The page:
What we call a “high interest rate environment” these days isn’t really high at all. Businesses and institutions are now so used to a low interest rate environment that anything above 1% seems frightening. But we shouldn’t be at all. Looking at 2004 to 2022, notice that the monetary policy goes through a period of tightening (increasing interest rates) and easing (lowering interest rates). This is usually in line with the growth of the economy and inflation (cue macroeconomics 101). Seeing the kink in 2022, we are beginning the start of a new tightening cycle that might last a few years. Interest rates would likely range from 3-4%, which is between the last two tightening cycles in terms of its magnitude.

 

When looking at the recent history of interest rates, 5% may seem really high. Wait till you look at the interest rates in the 1980s, when the U.S. was combating double digit inflation. Compared to 1980 (in the U.S.) which had an annual inflation rate of 13.5%, the current annual inflation rate is at 8.5%. A 5 percentage point difference. The highest interest rate in 1980 reached 19.10% in June, 1981. Compared to today’s 1%, that is a 18 percentage point difference.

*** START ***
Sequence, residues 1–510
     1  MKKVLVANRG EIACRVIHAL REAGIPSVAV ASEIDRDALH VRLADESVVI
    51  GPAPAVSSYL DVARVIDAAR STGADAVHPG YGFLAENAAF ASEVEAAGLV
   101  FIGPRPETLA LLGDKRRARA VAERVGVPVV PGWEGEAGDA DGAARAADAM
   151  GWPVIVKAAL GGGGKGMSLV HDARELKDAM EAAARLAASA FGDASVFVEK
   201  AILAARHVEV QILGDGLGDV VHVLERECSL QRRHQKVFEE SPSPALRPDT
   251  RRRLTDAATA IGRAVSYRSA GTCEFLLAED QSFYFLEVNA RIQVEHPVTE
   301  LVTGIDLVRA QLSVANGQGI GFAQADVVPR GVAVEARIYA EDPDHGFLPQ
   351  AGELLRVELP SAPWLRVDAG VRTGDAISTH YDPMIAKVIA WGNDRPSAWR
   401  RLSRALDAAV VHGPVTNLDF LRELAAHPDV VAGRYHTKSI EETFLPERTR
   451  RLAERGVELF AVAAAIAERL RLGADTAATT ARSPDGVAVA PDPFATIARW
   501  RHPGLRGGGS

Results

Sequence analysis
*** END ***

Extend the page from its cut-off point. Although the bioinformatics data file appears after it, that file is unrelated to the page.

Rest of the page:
In both the 1980s and 2020s, we see a similar trend of market turbulence and recessionary concerns coupled with high inflation. The difference, however, is that interest rates weren’t as high as back in the 1980s. An interest rate of that magnitude in today’s world would probably cause mass panic. The historical chart since the 1960s has shown us how much more relaxed the monetary policy is right now compared to its long history.

 

While this is the largest rate hike in 2022, it is not the highest interest rate ever. Given the more recent history of U.S. monetary policy, we would probably not see the likes of 19% interest rates in the foreseeable future. However, like the rate hikes during the Dot.com crash, we expect to see markets contract from the lack of access to easy money due to the tightening being done by the Fed. This will be detrimental to market sentiment and investor confidence. Nonetheless, it is a better outcome than hyperinflation.

 

Carnage in the Financial Markets